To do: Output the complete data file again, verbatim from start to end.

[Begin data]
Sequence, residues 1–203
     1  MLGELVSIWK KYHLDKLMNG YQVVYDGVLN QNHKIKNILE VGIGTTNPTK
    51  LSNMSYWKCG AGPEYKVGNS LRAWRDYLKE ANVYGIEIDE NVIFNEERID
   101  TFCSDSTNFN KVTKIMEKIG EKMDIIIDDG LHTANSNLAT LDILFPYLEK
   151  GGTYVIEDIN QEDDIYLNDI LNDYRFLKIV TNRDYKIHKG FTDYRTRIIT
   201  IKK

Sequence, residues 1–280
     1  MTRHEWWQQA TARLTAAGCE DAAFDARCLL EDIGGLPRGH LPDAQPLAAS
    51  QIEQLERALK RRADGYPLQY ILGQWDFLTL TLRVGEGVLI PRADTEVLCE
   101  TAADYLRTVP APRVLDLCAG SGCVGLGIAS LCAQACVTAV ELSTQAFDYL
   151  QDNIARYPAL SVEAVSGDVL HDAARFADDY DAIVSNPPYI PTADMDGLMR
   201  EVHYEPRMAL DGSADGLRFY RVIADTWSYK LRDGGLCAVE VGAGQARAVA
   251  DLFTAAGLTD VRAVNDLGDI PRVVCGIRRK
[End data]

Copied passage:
Sequence, residues 1–203
     1  MLGELVSIWK KYHLDKLMNG YQVVYDGVLN QNHKIKNILE VGIGTTNPTK
    51  LSNMSYWKCG AGPEYKVGNS LRAWRDYLKE ANVYGIEIDE NVIFNEERID
   101  TFCSDSTNFN KVTKIMEKIG EKMDIIIDDG LHTANSNLAT LDILFPYLEK
   151  GGTYVIEDIN QEDDIYLNDI LNDYRFLKIV TNRDYKIHKG FTDYRTRIIT
   201  IKK

Sequence, residues 1–280
     1  MTRHEWWQQA TARLTAAGCE DAAFDARCLL EDIGGLPRGH LPDAQPLAAS
    51  QIEQLERALK RRADGYPLQY ILGQWDFLTL TLRVGEGVLI PRADTEVLCE
   101  TAADYLRTVP APRVLDLCAG SGCVGLGIAS LCAQACVTAV ELSTQAFDYL
   151  QDNIARYPAL SVEAVSGDVL HDAARFADDY DAIVSNPPYI PTADMDGLMR
   201  EVHYEPRMAL DGSADGLRFY RVIADTWSYK LRDGGLCAVE VGAGQARAVA
   251  DLFTAAGLTD VRAVNDLGDI PRVVCGIRRK